val x = (x:Int, y:Double,z:String) => x + y + z
 val y = x.curried //(Int) => (Double) => (String) => java.lang.String = <function1>
                   //y is a function that takes an Int and returns some other function
                   //that takes a Double and returns some other function that takes
                   //a String and returns a String
//The same as above
val y = (a: Int) => (b: Double) => (c: String) => x(a,b,c)

This trick workds when to promote a function of multiple simple parameters
to work with values inside Functor.

Let's become practical rgarding those monads,functors and applecatives:
If we have a type constructor C[_] and two types A and B, we would like to be
able to apply functions C[A] => C[B]
1. Given a function A => B and a Functor, we can to do F[A] => C[B]
2. Given a function A => C[B] and a monad, we can do C[A] => C[B]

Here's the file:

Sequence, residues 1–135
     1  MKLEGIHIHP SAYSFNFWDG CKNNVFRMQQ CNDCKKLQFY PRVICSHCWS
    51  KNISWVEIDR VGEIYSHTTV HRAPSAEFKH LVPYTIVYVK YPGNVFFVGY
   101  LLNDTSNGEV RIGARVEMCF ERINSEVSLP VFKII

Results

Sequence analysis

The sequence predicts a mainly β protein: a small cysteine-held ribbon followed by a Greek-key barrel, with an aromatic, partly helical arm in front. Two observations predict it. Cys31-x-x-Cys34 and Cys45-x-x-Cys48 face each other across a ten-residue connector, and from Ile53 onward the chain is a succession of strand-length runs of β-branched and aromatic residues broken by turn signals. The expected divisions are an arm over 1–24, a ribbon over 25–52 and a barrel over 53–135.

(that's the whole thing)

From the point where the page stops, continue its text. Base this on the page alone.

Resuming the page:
3. Given a C[A => B] and an applicative, we can do C[A] => C[B]

//A container type
class MyBoxp[T](val value:T)
//Putting some value into the MyBox container
val boxedstring = new MyBox("Hello")

Now we would like to apply some transformations on the value inside the container
without leaving it. In other words we would like to apply C[A] => C[B]

Let's asume we would like to compute the length of the string in MyBox, 
and get the result again in MyBox. So we a need a function of type
MyBox[String] => MyBox[Int]

def lengthOf (a:MyBox[String]):MyBox[Int] = ...

Since we already have a 'length' method on String type, we would like to make 
some use of it:
def rawLengthOf(a:String):Int  = a.length.